Hunger problems are part of the regular study of organizations like the U.N. and The World Bank. The causes are usually put at the feet of poor farming practices, lack of seed, drought and poverty, which sucks away the ability for farmers to buy even the most essential tools. The U.N.’s World Food Programme put the problem into stark relieve, as it pointed out that a significant portion of the world’s population goes hungry.
The agency reports:
Food has never before existed in such abundance, so why are 870 million people in the world going hungry?
In purely quantitative terms, there is enough food available to feed the entire global population of 7 billion people. And yet, one out of every eight people is going hungry. One in three children is underweight. Why does hunger exist?
Natural disasters such as floods, tropical storms and long periods of drought are on the increase — with calamitous consequences for food security in poor, developing countries.
Drought is now the single most common cause of food shortages in the world. In 2011, recurrent drought caused crop failures and heavy livestock losses in parts of Ethiopia, Somalia and Kenya.
In many countries, climate change is exacerbating already adverse natural conditions.For example, poor farmers in Ethiopia or Guatemala traditionally deal with rain failure by selling off livestock to cover their losses and pay for food. But successive years of drought, increasingly common in the Horn of Africa and Central America, are exhausting their resources.
Since 1992, the proportion of short and long-term food crises that can be attributed to human causes has more than doubled, rising from 15 percent to more than 35 percent. All too often, these emergencies are triggered by conflicts.
From Asia to Africa to Latin America, fighting displaces millions of people from their homes, leading to some of the world’s worst hunger emergencies. Since 2004, conflict in the Darfur region of Sudan has uprooted more than a million people, precipitating a major food crisis — in an area that had generally enjoyed good rains and crops.
In war, food sometimes becomes a weapon. Soldiers will starve opponents into submission by seizing or destroying food and livestock and systematically wrecking local markets. Fields and water wells are often mined or contaminated, forcing farmers to abandon their land.
When conflict threw Central Africa into confusion in the 1990s, the proportion of hungry people rose from 53 percent to 58 percent. By comparison, malnutrition is on the retreat in more peaceful parts of Africa such as Ghana and Malawi.
In developing countries, farmers often cannot afford seed to plant the crops that would provide for their families. Craftsmen lack the means to pay for the tools to ply their trade. Others have no land or water or education to lay the foundations for a secure future.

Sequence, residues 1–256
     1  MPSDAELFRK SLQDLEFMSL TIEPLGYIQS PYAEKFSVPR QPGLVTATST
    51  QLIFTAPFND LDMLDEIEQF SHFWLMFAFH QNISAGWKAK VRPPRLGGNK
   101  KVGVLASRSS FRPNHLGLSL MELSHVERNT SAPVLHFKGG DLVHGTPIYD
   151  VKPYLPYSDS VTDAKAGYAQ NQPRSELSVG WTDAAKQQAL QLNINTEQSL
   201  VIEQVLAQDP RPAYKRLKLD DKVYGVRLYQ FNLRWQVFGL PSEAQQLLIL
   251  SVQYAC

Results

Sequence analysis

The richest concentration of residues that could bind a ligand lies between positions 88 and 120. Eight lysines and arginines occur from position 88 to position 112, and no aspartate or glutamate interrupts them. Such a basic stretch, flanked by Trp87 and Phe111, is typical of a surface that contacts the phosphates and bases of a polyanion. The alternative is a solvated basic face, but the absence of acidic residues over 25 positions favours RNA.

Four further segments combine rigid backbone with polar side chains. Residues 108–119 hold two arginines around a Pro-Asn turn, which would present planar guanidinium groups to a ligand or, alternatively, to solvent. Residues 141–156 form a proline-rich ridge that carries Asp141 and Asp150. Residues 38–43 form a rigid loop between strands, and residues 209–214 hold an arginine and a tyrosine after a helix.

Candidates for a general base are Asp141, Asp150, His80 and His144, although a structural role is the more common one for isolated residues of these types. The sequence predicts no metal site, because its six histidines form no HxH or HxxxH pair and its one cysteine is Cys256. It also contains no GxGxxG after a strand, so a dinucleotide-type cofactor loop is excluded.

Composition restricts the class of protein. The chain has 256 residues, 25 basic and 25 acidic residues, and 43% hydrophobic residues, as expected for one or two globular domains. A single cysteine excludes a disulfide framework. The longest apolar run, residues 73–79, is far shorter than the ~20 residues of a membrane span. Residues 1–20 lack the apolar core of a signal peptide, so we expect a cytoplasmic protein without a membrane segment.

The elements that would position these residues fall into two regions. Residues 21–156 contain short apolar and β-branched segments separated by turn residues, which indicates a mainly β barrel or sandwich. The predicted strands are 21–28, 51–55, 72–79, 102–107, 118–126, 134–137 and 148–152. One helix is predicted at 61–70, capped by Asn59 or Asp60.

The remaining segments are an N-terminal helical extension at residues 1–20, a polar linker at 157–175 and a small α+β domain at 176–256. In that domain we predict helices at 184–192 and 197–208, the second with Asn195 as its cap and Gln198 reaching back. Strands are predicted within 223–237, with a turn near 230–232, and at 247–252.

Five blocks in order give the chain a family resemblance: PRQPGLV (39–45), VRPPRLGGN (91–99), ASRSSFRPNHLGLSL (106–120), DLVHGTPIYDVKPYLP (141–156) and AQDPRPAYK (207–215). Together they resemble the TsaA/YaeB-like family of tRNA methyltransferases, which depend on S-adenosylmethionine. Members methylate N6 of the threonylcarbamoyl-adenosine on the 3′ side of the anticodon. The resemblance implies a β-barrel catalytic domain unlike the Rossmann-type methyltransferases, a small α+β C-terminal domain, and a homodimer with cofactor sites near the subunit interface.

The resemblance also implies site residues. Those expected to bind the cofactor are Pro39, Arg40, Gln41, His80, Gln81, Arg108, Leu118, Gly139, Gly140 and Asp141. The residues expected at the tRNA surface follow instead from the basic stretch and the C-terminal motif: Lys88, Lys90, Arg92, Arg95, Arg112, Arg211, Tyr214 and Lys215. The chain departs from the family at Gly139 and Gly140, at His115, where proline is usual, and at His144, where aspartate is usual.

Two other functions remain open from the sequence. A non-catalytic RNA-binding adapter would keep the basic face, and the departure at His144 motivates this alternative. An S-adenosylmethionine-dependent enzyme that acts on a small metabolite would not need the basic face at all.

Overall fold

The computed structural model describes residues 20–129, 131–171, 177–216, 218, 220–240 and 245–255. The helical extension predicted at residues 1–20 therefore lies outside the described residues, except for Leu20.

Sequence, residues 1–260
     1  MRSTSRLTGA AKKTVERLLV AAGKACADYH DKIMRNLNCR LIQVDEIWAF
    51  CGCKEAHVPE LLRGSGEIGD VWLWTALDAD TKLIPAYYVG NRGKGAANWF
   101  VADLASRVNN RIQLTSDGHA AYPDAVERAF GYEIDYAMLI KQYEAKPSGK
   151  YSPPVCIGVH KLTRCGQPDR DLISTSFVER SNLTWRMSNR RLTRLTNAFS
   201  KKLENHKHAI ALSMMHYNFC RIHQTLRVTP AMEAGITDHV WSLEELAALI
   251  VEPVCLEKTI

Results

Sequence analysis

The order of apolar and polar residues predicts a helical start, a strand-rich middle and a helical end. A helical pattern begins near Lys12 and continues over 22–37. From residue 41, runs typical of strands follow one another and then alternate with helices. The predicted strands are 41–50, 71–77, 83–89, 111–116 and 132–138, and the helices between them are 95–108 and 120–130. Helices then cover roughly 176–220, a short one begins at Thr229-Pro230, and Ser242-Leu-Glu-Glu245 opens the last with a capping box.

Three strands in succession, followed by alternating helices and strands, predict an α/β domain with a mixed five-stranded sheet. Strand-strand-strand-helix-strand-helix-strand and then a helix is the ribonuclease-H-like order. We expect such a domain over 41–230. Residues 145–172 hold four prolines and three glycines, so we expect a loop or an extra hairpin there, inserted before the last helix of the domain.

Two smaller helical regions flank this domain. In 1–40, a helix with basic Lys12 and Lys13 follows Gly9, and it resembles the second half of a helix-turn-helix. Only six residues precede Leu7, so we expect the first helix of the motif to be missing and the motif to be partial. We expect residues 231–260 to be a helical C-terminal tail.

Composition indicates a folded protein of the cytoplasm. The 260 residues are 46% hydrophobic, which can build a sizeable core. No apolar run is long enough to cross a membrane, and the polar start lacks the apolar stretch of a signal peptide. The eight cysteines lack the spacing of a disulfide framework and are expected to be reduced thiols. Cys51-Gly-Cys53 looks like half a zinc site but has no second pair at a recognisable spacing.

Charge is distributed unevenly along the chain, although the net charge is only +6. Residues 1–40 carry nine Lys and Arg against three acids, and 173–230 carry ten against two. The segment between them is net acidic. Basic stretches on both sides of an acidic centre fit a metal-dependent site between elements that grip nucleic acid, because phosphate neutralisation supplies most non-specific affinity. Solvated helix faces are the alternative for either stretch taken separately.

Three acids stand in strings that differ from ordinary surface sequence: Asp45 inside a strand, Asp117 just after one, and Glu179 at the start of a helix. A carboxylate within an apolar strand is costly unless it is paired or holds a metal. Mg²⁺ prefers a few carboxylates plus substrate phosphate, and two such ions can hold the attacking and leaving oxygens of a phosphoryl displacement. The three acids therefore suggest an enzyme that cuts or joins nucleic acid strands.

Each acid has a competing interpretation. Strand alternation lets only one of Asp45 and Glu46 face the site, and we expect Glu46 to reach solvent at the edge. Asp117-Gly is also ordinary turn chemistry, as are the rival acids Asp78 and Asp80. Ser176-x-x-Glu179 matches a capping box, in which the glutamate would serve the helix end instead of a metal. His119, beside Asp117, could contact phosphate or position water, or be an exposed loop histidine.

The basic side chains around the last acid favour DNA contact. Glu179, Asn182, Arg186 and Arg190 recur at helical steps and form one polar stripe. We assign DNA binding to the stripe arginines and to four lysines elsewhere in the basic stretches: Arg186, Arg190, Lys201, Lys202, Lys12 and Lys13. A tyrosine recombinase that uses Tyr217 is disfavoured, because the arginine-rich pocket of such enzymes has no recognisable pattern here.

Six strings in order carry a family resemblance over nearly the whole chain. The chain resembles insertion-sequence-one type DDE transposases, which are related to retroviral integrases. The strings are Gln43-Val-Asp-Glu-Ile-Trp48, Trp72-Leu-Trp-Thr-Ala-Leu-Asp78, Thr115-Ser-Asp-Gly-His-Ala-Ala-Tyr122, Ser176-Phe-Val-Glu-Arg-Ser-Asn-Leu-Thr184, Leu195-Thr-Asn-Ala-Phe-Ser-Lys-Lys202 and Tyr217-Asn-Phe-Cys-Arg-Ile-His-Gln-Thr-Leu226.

The poverty-stricken do not have enough money to buy or produce enough food for themselves and their families. In turn, they tend to be weaker and cannot produce enough to buy more food.
In short, the poor are hungry and their hunger traps them in poverty.
In the long-term, improved agricultural output offers the quickest fix for poverty and hunger.
According to the Food and Agriculture Organization (FAO) 2004 Food Insecurity Report, all the countries that are on track to reach the first Millennium Development Goal have something in common — significantly better than average agricultural growth.
Yet too many developing countries lack key agricultural infrastructure, such as enough roads, warehouses and irrigation. The results are high transport costs, lack of storage facilities and unreliable water supplies.
All conspire to limit agricultural yields and access to food.
But, although the majority of developing countries depend on agriculture, their governments economic planning often emphasises urban development.
Over-exploitation of environment
Poor farming practices, deforestation, overcropping and overgrazing are exhausting the Earth’s fertility and spreading the roots of hunger.
Increasingly, the world’s fertile farmland is under threat from erosion, salination and desertification.
What the U.N.’s World Food Programme has no answer to is how these problems might be solved. One of the core problems is that the developed nations of the Organization for Economic Cooperation and Development (OECD) face both recession and high deficits, which makes them unlikely large contributors to a solution to hunger problems. That leaves almost no alternatives. In other words, hunger is a problem which is very unlikely to be solved.